FROM AROUND THE WEB
The state reached a settlement with federal investigators in a case alleging widespread discrimination by the Department of Children and Families against parents with disabilities. (Boston Globe)
The Provincetown Select Board wants to enact a code of conduct policy for appointed members, with the goal of clearly outlining expectations about behavior, including on social media. Complaints about alleged private social media posts with racist and misogynistic language by Finance Committee chairman Mark Hatch gained attention in the past year. (Cape Cod Times)
The death of a 27-year-old man while in custody at the Brockton police station is under investigation by detectives and prosecutors. (The Enterprise)
South Shore food pantries are feeding more people than ever this Thanksgiving, as the pandemic forces families to stay home instead of going to larger shared gatherings. (Patriot Ledger)
The Massachusetts State Police is attempting to identify and locate a man for questioning in connection with Friday’s shooting of a state trooper in Hyannis. (Cape Cod Times)
A Methuen retirement home signs up for a CDC program that will allow it to be among the first to vaccinate its residents for COVID-19. (Eagle-Tribune) Public health officials across the country are laying plans for the enormous logistical challenge of vaccinating millions of people — without having them congregate in ways that could spread the virus. (Washington Post)
The COVID-19 field hospital at the DCU Center will look a little different this time around, incorporating lessons learned from its operations during the spring surge. (Telegram & Gazette)
President-elect Joe Biden reportedly plans to choose long-time aide Antony Blinken as secretary of state. (Bloomberg News)
The Trump effort to reverse the election results with unfounded vote fraud allegations is centered on large cities with big black populations, which the campaign is characterizing as corrupt. (New York Times)
US Attorney Andrew Lelling, a Trump appointee who said Joe Biden seems to have won the election, said he doesn’t rule out a future run for office. (Boston Herald)
Although Massachusetts’ general election largely went smoothly, there were some problems and complaints. (MassLive)
A group representing automobile manufacturers filed suit in federal court to block implementation of the “right to repair” ballot question measure approved by voters earlier this month. (Boston Globe)
Shirley Leung says it’s time to pressure the Marriott Copley Place hotel to provide severance pay for laid off employees just as was done with the Four Seasons hotel. (Boston Globe)
Since July, more than 200 complaints have been lodged against Worcester businesses for not following coronavirus protocols. (MassLive)
The SJC will consider a case stemming from an incident at Gordon College that will examine whether a professor at a Christian college is considered a ministerial employee and therefore not covered by anti-discrimination laws. (The Salem News)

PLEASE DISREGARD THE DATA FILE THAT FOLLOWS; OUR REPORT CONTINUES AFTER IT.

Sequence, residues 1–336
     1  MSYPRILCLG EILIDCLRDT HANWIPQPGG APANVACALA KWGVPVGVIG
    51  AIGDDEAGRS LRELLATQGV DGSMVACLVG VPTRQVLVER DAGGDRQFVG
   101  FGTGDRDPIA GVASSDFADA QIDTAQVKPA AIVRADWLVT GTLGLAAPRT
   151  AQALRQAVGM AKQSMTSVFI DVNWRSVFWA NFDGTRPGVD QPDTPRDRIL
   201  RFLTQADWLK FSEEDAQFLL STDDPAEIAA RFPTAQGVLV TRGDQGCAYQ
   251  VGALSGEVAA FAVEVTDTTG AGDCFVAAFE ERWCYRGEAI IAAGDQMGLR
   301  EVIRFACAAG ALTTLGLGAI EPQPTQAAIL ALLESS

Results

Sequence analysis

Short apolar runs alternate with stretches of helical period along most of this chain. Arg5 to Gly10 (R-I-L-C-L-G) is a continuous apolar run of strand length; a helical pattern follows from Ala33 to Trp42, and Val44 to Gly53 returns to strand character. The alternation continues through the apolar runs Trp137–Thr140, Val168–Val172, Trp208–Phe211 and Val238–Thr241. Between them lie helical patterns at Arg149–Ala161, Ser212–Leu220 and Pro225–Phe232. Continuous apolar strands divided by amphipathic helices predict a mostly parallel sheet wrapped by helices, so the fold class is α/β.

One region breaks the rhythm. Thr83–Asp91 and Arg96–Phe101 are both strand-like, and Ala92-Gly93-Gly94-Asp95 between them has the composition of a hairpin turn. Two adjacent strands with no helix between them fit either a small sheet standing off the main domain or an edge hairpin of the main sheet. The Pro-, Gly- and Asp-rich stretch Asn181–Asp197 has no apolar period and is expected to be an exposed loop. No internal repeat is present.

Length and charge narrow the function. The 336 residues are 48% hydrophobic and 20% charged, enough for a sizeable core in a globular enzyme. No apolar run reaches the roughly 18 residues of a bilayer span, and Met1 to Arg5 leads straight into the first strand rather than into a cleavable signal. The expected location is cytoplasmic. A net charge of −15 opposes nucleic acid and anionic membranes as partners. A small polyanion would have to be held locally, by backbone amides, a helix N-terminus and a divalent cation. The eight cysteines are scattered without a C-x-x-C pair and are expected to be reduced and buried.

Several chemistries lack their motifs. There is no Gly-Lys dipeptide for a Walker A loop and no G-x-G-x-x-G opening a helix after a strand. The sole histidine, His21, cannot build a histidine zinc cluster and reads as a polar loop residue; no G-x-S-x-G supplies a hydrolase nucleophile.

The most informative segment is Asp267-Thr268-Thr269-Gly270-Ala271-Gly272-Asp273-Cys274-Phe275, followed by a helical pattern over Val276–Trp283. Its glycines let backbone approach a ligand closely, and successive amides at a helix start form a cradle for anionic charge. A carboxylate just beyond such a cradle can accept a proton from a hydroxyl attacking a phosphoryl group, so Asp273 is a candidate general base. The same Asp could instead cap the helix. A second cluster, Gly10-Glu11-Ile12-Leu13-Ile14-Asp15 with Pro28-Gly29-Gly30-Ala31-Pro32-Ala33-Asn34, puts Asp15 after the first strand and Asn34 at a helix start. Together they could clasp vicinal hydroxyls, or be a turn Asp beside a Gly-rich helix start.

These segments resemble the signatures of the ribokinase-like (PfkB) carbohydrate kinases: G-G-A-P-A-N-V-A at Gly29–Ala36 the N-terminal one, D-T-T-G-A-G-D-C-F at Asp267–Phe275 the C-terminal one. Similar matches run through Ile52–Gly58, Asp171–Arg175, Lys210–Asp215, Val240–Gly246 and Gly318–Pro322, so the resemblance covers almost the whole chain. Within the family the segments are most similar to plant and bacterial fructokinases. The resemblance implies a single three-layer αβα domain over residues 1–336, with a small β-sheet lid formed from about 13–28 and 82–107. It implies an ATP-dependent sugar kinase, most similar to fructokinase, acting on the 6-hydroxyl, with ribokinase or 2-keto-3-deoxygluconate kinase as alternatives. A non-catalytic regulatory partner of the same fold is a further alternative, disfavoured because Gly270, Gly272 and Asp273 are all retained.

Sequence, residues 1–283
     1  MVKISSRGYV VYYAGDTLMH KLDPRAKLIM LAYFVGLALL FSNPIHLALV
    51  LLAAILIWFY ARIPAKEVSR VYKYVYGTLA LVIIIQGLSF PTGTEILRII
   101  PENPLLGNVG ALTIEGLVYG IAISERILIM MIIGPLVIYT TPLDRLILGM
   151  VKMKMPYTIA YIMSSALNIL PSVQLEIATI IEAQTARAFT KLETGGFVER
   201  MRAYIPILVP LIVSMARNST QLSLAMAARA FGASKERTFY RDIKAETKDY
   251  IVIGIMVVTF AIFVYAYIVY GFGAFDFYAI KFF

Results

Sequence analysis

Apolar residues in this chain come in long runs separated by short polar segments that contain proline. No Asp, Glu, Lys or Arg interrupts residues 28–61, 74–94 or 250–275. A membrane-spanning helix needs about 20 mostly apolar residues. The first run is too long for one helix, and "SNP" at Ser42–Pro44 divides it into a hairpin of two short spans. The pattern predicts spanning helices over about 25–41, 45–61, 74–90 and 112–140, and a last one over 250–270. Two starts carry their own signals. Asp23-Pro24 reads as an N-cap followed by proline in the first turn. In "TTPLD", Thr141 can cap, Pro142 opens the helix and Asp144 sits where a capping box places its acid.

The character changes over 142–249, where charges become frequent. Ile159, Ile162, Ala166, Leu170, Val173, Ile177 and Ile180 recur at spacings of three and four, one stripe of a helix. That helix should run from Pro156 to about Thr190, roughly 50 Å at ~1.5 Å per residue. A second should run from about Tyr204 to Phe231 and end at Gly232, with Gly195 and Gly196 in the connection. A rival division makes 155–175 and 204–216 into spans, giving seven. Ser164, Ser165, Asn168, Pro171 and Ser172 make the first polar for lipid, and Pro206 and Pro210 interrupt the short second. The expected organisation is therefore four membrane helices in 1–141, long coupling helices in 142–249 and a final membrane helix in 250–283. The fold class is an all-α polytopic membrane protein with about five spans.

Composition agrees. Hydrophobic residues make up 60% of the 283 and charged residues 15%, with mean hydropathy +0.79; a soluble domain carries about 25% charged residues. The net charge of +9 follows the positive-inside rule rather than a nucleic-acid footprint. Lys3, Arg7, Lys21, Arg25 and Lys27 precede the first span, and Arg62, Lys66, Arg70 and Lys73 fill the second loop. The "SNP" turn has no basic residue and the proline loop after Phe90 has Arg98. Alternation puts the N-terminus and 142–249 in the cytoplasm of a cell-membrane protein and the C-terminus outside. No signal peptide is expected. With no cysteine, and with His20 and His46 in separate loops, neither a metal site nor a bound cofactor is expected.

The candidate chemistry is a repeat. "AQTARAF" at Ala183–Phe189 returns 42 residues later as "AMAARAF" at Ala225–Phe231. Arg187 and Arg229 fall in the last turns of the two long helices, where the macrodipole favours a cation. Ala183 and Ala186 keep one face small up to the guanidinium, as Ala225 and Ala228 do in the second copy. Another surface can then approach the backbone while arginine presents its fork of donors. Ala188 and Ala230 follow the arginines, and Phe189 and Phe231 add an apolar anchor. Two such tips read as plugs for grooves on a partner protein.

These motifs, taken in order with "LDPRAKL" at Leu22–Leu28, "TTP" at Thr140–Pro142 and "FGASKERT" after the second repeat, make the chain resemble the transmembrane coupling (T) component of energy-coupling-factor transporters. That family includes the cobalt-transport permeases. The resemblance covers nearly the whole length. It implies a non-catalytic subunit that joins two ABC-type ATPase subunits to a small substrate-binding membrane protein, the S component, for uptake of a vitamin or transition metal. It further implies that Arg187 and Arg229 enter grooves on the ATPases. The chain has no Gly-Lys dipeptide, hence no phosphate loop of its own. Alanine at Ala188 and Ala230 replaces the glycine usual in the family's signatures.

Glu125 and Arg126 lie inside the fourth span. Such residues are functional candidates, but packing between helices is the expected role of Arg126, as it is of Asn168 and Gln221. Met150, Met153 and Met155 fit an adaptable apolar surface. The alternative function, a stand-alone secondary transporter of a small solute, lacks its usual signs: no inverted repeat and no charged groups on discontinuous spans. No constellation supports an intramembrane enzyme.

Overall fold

A petition circulating at Harvard University calls for stricter standards for hiring former Trump administration employees who seek to work or speak on campus. (Associated Press)
Following a fight in California, Massachusetts could be the next battleground over whether Uber and Lyft drivers should be considered employees or independent contractors. (The Salem News)
A Globe editorial urges state leaders to think long-term and look for ways to avoid the huge cuts in MBTA service that have been proposed.
A second earthquake hits Massachusetts in roughly the same area as the first — in Dartmouth. (Associated Press)
The clean energy sector — including New England’s offshore wind industry — is expecting a big boost from the switch to a Biden administration. (Boston Globe)
Opponents of the Central Maine Power hydropower project are gearing up for a ballot question challenge of the project next year. (The Salem News)
A rare 350-pound loggerhead turtle is rescued in Truro. (Associated Press)
Boston police officers seem to be able to get involved in some pretty horrible incidents — and escape any legal recupersions. (Boston Globe)
Danielle Williams of Wilbraham is poised to become the first Black, female District Court judge in Western Massachusetts. (MassLive)
The Springfield police rejoin a federal anti-gang task force, after years of bad feelings between the Springfield police and the US Department of Justice. (MassLive)
Suffolk District Attorney Rachael Rollins launches an investigation into allegations that Adam Foss, a former Suffolk County prosecutor who has become a high-profile advocate for criminal justice reform, sexually assaulted a woman in 2017. (MassLive)PASSINGS
Patrick Quinn, the co-creator of the viral Ice Bucket challenge with the late Pete Frates, has died at the age of 37 after a seven-year fight with amyotrophic lateral sclerosis, commonly known as ALS. (NPR)